Thursday, April 06, 2017

People v. Truong (Cal. Ct. App. - April 5, 2017)

This opinion ends not with a bang, but with a whimper.

The final argument raised by appellant's challenge to her conviction is her claim that the trial court should not have admitted the evidence about the credit limits of the credit cards she was alleged to unlawfully possess.  The opinion deals with this contention in a single paragraph at the end.

On the merits, Justice Lui seems entirely right that any error, even if it existed, would be harmless.

But there's no factual background about what evidence what admitted on the credit limit issue, or for what alleged purpose.  The reader is basically left entirely in the dark about what we're talking about.

The opinion also, strangely, feels the need to drop a footnote that defines what a credit card is.  And a long footnote at that:  "A credit card is generally defined as a “[s]tandard-size plastic token, with a magnetic stripe that holds a machine readable code. Credit cards are a convenient substitute for cash or check, and an essential component of electronic commerce and internet commerce. Credit card holders (who may pay annual service charges) draw on a credit limit approved by the card issuer such as a bank, store, or service provider (an airline, for example). Cardholders normally must pay for credit card purchases within 30 days of purchase to avoid interest and/or penalties.” ( [as of Apr. 4, 2017].)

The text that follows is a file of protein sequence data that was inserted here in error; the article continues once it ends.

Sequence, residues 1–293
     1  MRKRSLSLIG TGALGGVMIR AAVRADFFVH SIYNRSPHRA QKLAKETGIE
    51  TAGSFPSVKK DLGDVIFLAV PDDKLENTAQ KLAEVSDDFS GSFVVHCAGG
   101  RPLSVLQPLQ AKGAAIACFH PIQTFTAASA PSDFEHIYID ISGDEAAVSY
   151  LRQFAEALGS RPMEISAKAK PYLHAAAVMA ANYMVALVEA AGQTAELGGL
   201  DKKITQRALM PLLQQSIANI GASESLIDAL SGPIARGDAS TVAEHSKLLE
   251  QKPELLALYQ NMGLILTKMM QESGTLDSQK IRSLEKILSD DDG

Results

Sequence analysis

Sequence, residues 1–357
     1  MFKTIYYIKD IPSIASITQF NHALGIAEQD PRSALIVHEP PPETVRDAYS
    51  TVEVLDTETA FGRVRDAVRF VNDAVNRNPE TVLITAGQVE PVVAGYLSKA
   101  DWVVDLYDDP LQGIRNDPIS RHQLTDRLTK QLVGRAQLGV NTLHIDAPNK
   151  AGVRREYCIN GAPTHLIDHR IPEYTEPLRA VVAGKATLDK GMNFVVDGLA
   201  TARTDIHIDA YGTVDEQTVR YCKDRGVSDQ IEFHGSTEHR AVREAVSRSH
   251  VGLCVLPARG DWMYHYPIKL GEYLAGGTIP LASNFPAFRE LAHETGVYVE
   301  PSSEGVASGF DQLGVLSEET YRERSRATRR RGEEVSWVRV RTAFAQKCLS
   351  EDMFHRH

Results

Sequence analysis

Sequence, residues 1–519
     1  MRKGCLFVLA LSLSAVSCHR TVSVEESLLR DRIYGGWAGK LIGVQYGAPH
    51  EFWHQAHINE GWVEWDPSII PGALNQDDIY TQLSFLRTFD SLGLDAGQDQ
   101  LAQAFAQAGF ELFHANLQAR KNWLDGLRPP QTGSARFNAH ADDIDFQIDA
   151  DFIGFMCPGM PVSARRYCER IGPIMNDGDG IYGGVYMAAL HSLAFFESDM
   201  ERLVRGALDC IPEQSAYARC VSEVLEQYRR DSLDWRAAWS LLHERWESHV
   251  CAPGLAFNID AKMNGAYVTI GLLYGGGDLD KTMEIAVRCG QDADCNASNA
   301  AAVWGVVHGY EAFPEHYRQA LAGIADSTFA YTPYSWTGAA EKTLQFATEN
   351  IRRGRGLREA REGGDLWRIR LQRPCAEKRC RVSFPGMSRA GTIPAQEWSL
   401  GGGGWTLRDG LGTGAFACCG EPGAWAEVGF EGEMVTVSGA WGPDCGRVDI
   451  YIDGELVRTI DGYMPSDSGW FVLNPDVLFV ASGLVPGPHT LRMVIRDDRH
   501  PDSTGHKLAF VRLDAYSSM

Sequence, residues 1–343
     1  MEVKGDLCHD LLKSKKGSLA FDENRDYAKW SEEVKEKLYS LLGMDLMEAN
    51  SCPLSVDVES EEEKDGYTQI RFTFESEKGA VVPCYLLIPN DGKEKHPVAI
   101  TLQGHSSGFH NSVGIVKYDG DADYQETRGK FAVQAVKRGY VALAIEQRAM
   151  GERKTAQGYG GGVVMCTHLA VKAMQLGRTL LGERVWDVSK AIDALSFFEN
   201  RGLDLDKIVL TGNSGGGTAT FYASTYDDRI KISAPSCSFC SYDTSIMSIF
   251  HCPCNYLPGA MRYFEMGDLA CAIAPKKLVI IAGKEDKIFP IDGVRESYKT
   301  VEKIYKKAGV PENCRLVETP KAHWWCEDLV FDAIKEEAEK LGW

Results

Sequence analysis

Is that really necessary?  And, if it is, can we really not find a better source for this information than from an internet dictionary -- indeed, one I've never even heard of before?

Plus, the opinion also asserts that the error was harmless because "Credit cards, by definition, come with credit limits."  Again, I agree that any error would be harmless, and I also agree that most credit cards do indeed come with credit limits.

But it's actually untrue that "by definition," credit cards come with credit limits.  If I want, I can absolutely issue a credit card with no limit.  Indeed, some issuers purport to do precisely that.  that may or may not be a wise practice.  But it's not "definitionally" true that credit cards inherently have a credit limit.  If I want to say I'm liable for whatever amount the individual charges, I can do that.  No problem.  Not smart.  Maybe practically difficult to enforce any resulting liability if the user then runs up $1 trillion in charges buying, say, Russia.  But I can do it if I want.  That's still a credit card.

A funny way to finish up the last substantive paragraph of an opinion.